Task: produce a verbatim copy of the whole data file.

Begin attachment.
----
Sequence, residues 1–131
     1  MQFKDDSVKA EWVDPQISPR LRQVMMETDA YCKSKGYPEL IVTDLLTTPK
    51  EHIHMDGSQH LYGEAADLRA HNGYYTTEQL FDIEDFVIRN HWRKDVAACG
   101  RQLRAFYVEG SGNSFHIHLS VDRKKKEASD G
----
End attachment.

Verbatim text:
Sequence, residues 1–131
     1  MQFKDDSVKA EWVDPQISPR LRQVMMETDA YCKSKGYPEL IVTDLLTTPK
    51  EHIHMDGSQH LYGEAADLRA HNGYYTTEQL FDIEDFVIRN HWRKDVAACG
   101  RQLRAFYVEG SGNSFHIHLS VDRKKKEASD G